Business Intelligence, or “BI” is a hot topic today among ERP providers and the companies that use their products. Clients have been known to ask us how to get critical answers out of their ERP, accounting and production systems, usually without ever using, or even knowing about, the term BI. They may not know its name, but they know they want it.
Simply put, the idea is be able to probe your business management system software for key data points and comparisons, built on the data already inside your system – regardless (at least sometimes) of where these data may reside. This takes the best of two worlds – reporting, and data ‘queries’ – and helps blend them into a means of deriving key business data that ultimately helps managers make better business decisions. There’s a learning curve, to be sure, but it’s all for the best.
In the Microsoft Dynamics world, including Microsoft’s globally best-selling Dynamics NAV product, two companies are leaders in the BI field: Jet Reports (about whom we’ve written several earlier posts) and Solver, whose tips for buying a BI tool we’d like to share in our next couple of posts.
Now, granted, Solver (in the U.S., SolverUSA) and Jet both have something to “sell you.” But it doesn’t make their advice any less valid when you’re looking to mine your company’s critical data for insights, revelations, comparisons and guidance for making those better business decisions.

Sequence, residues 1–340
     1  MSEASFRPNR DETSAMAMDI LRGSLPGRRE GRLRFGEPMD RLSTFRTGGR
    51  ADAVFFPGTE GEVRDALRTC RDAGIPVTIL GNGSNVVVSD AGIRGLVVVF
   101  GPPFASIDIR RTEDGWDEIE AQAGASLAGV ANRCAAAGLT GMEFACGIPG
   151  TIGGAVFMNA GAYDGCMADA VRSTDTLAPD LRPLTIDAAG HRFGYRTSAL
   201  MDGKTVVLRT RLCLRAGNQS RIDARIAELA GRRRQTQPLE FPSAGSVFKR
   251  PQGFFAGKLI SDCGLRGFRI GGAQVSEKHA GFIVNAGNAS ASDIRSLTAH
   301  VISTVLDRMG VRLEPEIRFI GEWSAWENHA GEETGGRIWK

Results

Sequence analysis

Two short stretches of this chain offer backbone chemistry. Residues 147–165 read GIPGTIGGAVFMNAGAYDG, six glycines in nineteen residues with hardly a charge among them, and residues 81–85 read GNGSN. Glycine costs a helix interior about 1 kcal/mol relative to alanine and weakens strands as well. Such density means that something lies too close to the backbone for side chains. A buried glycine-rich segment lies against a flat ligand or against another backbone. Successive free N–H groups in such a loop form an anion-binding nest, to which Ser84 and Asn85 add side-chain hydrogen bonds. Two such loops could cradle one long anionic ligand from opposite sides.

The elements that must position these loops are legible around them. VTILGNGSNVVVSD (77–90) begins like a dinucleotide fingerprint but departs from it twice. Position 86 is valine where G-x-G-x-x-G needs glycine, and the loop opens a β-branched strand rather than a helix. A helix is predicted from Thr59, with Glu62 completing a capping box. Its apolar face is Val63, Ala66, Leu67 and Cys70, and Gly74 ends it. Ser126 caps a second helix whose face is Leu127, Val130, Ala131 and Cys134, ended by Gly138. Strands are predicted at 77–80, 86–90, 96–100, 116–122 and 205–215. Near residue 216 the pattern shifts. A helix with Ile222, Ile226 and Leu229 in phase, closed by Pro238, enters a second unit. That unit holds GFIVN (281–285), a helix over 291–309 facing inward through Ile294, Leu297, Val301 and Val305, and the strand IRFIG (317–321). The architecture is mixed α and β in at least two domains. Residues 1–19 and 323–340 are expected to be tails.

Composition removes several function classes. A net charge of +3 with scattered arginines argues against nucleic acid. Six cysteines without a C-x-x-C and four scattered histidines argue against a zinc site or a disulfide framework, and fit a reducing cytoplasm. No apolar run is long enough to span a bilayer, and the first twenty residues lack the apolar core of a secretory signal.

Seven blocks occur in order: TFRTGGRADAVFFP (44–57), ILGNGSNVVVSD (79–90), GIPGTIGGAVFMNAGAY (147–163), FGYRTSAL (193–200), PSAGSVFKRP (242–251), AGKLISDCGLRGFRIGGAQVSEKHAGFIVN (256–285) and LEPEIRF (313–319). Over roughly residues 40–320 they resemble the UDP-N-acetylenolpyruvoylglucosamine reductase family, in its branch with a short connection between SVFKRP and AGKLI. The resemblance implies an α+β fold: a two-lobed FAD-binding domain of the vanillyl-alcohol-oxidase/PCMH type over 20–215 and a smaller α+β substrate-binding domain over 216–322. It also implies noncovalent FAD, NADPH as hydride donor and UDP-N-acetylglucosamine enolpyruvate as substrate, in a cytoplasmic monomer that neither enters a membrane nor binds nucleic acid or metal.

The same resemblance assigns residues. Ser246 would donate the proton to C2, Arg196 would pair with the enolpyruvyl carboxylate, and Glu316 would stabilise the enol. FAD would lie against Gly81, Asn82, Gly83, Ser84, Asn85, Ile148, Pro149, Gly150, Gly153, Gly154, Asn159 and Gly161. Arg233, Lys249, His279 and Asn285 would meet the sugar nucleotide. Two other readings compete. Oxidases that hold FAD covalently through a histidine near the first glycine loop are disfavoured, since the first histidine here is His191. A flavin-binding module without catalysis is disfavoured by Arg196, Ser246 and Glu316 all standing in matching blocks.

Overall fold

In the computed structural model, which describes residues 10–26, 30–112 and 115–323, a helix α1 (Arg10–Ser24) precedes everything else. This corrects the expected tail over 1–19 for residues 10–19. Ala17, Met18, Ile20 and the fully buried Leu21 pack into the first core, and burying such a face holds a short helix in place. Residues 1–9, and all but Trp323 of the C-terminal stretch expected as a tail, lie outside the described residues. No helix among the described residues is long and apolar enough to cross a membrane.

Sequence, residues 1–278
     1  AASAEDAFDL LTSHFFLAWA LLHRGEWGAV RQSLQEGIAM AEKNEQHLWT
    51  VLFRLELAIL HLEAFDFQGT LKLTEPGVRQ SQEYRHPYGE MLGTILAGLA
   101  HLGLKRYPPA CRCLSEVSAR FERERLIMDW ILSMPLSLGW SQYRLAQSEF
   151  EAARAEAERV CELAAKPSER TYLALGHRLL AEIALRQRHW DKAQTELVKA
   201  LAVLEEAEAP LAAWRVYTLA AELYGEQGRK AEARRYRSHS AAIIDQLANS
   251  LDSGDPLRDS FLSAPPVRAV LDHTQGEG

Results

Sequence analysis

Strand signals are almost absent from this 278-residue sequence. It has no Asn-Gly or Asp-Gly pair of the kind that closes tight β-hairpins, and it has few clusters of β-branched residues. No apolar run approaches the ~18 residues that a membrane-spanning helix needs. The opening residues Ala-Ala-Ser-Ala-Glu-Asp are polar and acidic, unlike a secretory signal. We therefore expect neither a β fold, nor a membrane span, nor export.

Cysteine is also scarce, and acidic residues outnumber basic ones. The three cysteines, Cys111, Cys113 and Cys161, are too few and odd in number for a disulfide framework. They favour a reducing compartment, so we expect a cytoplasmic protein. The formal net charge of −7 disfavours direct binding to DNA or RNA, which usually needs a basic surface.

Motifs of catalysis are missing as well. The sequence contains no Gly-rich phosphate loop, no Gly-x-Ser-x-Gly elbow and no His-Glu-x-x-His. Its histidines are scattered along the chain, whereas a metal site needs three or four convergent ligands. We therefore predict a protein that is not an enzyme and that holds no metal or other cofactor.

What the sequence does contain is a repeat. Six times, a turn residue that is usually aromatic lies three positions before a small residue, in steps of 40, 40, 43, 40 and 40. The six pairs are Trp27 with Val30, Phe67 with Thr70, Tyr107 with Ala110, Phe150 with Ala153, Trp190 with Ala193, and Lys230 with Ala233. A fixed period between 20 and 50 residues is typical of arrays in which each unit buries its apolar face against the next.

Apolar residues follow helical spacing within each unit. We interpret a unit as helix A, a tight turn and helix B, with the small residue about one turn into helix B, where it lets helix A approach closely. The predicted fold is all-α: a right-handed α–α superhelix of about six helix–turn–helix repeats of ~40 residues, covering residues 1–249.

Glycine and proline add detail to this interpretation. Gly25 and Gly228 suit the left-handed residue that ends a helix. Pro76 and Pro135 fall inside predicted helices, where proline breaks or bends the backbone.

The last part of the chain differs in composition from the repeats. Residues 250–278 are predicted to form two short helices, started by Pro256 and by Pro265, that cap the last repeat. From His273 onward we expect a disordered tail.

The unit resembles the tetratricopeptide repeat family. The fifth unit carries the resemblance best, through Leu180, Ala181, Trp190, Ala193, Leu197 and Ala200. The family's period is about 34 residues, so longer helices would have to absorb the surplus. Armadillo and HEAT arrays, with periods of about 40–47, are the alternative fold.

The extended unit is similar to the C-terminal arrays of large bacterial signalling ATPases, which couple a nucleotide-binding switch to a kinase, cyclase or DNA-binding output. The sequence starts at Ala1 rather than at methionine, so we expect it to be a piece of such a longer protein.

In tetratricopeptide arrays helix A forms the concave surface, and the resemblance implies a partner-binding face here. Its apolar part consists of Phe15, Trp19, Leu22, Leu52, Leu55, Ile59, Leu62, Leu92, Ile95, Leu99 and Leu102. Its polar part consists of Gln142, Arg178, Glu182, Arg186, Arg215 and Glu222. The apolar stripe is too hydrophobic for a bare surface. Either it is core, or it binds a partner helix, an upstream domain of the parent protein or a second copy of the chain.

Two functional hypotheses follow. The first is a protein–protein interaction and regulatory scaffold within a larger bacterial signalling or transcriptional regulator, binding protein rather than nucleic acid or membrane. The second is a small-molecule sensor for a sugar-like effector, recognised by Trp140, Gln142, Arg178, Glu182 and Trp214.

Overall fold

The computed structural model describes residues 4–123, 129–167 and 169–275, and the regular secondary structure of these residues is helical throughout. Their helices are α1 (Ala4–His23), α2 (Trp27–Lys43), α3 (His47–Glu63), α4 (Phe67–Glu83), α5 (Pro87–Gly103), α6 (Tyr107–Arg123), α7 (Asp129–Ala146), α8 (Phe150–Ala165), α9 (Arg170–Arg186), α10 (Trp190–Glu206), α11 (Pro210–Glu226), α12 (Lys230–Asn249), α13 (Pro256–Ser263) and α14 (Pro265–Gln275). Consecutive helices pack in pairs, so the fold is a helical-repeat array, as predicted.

Let’s start at the beginning. All ERP systems have inherent reporting capabilities – the more modern systems today include ‘dashboards’ too — and those are indeed the right place to start. But BI takes it a step farther. As the folks at Solver, Inc. note: “Today’s best financial reporting and budgeting tools are designed to access, align, and accelerate your data-driven decision-making.”
First, “access”: A BI tool should be easy to use, but it’s even more important that it be flexible. It can allow you to access your data from your desktop or across the country, from an airport or your office. They can deliver solutions based on on-premise databases, the cloud, or both.
So first, we’ll review some of Solver’s key guidelines – things they think you should consider when seeking flexible access in a Microsoft Dynamics BI tool — which they’ve neatly reprised in a document available in its entirety here. (You’ll have to register with the site, but it’s all free.)
- The option to run live on Microsoft Dynamics and/or integrate data to BI data store (i.e. an OLAP cube or a fully built, customizable data warehouse)
- The familiarity and power of a 3rd generation Excel add-in tool that offers user- friendly report development of financial statements, sub-ledger reports, consolidations, and any type of operational reports
- The accessibility of web-based BI, with the report design process itself powered by Excel
- Mobile reporting and dashboards, with access to company financials, operational reports, and KPIs through an application for your tablet and smartphone
- A fully integrated, comprehensive suite of BI modules that synergize BI data analysis processes
Don’t be put off too much by some of the jargon (OLAP, KPIs, etc.)… it simply boils down to finding a good data mining tool that utilizes Excel reporting (both Solver and Jet products do this) and that can be used on a variety of today’s devices like phones, tablets and PCs.
We’ll look at the two other key things to consider in our next posts on this topic, so stay tuned…